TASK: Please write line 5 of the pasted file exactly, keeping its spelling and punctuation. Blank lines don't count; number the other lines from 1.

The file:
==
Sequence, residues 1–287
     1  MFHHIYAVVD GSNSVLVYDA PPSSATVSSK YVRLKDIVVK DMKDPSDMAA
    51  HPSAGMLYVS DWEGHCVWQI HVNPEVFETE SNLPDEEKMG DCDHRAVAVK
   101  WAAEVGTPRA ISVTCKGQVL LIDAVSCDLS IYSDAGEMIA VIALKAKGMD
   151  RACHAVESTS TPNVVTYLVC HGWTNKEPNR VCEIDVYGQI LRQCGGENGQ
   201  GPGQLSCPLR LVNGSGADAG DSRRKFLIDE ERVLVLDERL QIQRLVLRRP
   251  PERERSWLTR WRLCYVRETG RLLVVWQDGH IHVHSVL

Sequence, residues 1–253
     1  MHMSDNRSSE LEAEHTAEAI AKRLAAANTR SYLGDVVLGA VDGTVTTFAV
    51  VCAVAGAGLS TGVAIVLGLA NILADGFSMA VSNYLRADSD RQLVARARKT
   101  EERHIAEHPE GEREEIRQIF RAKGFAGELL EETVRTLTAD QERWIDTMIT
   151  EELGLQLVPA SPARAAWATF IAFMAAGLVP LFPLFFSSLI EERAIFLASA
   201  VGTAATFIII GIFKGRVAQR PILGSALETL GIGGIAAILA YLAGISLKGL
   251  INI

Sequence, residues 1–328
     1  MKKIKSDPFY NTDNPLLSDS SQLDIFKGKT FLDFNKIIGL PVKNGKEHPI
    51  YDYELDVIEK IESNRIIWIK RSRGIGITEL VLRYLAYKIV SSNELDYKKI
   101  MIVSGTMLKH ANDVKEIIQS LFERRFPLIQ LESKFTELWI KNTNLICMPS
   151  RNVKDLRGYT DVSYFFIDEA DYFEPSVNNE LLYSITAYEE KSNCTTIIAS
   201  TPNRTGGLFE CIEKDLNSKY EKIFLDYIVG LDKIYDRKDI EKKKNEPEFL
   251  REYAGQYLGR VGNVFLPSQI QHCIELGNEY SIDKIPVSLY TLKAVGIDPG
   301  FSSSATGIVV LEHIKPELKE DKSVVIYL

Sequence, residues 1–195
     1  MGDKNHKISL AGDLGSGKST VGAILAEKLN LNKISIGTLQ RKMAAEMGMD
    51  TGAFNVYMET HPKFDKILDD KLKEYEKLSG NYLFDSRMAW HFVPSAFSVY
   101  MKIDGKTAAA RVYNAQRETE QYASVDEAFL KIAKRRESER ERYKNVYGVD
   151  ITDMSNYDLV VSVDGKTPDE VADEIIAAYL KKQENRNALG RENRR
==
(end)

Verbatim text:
   151  RACHAVESTS TPNVVTYLVC HGWTNKEPNR VCEIDVYGQI LRQCGGENGQ